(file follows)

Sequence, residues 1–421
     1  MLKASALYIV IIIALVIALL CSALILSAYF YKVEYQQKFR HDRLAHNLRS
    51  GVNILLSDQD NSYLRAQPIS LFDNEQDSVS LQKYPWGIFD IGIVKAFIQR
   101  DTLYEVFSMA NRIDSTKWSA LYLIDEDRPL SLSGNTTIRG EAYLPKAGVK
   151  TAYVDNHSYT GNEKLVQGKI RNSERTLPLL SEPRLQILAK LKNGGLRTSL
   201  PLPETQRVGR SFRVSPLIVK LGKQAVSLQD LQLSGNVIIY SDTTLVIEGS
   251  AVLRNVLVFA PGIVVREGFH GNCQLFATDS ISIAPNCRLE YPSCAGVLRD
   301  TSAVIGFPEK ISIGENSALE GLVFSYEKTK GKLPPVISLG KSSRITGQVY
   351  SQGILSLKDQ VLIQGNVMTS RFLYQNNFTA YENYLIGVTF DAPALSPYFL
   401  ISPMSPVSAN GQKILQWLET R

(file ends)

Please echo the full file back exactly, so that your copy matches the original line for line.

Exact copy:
Sequence, residues 1–421
     1  MLKASALYIV IIIALVIALL CSALILSAYF YKVEYQQKFR HDRLAHNLRS
    51  GVNILLSDQD NSYLRAQPIS LFDNEQDSVS LQKYPWGIFD IGIVKAFIQR
   101  DTLYEVFSMA NRIDSTKWSA LYLIDEDRPL SLSGNTTIRG EAYLPKAGVK
   151  TAYVDNHSYT GNEKLVQGKI RNSERTLPLL SEPRLQILAK LKNGGLRTSL
   201  PLPETQRVGR SFRVSPLIVK LGKQAVSLQD LQLSGNVIIY SDTTLVIEGS
   251  AVLRNVLVFA PGIVVREGFH GNCQLFATDS ISIAPNCRLE YPSCAGVLRD
   301  TSAVIGFPEK ISIGENSALE GLVFSYEKTK GKLPPVISLG KSSRITGQVY
   351  SQGILSLKDQ VLIQGNVMTS RFLYQNNFTA YENYLIGVTF DAPALSPYFL
   401  ISPMSPVSAN GQKILQWLET R